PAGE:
The Manchurian (or Pneumonic) Plague, a fiasco in the history of public health in China, came at a time when the imperial court in Beijing was at its weakest and the Republican Revolution led by Sun Yat-sen hadn't occurred yet. With a mortality rate of almost 100%, it's outbreak would claim the life of ca. 45,000 to 60,000 residents of Harbin and environs.
Not only did the outbreak occur at a crucial moment in Chinese history, it also took place in a geopolitically highly contested area: Russia, Japan and China all lay claim to controlling this particular region. I recommend the work of William C. Summers and Mark Gamsa for further reading (for English-language materials).
These original photographs are of German provenance. I acquired them only recently. They are captioned "Die Pest in China 1911" (which does not require translation I believe). I assume they were taken some time between January and March, 1911. In my course on the History of Science in China (Cornell University, spring semester 2005) I used this subject matter as an assignment topic for my students.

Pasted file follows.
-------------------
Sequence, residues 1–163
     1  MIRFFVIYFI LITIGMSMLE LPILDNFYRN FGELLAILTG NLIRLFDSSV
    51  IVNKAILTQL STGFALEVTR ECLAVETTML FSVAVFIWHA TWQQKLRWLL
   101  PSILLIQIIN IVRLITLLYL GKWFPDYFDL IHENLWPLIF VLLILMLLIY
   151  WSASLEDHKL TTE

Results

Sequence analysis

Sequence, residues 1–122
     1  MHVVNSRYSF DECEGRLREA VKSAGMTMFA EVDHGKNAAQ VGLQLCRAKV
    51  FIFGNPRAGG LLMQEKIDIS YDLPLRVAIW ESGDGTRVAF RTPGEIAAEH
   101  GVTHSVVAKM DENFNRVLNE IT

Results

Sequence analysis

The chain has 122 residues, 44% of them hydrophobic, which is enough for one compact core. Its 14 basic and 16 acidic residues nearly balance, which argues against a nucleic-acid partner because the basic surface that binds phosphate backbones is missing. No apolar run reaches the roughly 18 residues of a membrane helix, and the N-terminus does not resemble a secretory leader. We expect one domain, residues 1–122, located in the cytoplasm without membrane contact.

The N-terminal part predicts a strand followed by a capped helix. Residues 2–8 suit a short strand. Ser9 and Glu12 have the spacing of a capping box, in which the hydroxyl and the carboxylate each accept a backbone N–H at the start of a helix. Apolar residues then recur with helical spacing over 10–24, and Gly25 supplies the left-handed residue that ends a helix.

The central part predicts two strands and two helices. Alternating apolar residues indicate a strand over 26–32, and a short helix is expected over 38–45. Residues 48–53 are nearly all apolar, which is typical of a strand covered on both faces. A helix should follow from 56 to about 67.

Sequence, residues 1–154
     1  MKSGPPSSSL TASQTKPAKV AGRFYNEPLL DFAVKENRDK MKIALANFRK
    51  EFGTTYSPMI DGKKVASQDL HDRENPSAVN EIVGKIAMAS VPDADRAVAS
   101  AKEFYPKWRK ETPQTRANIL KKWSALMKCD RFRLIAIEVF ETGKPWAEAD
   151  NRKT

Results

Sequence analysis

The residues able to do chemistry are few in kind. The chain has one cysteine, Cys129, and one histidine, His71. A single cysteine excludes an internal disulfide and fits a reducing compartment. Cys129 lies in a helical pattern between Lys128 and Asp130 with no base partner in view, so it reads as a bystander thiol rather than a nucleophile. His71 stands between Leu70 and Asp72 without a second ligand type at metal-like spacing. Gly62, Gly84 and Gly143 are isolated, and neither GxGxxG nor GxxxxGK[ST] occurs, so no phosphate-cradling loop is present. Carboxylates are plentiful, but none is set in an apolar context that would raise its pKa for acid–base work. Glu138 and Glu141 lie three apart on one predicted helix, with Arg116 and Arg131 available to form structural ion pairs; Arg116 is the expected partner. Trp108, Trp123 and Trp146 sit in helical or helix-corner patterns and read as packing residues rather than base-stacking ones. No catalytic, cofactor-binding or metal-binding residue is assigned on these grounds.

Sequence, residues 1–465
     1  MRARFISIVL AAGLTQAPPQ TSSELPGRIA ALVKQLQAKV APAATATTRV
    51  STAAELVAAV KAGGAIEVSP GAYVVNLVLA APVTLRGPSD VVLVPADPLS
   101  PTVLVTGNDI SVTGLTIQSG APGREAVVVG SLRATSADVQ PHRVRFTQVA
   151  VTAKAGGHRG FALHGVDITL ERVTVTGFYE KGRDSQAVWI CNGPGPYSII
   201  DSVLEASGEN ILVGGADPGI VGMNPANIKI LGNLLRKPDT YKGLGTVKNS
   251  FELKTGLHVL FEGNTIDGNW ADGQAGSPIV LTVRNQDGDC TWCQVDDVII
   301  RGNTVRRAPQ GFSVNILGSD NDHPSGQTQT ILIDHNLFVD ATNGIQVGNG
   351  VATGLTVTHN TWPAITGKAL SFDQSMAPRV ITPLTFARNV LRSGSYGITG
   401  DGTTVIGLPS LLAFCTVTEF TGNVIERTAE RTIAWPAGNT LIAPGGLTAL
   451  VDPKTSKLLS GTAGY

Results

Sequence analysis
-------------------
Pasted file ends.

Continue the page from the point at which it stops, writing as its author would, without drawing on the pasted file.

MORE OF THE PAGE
Through the gracious generosity of Jim Roller, MD, I am able to include images of the commemorative medal presented to medical delegates to the International Plague Conference in Mukden (now Shenyang) in April 1911. This particular medal (extremely rare it appears) was of solid gold mined in Manchuria.
Historical photographs scanned with an Epson 4990 scanner at 400dpi to TIFF (color mode), converted to lossless JPG. No post-processing. Captions are mine (there were none with the originals). The gritty realism of these photographs certainly reflects the severity of the event.
Thomas H. Hahn, Ithaca/Beijing
Uploaded March 1, 2007
Updated May 8, 2007
© Thomas H. Hahn Docu-Images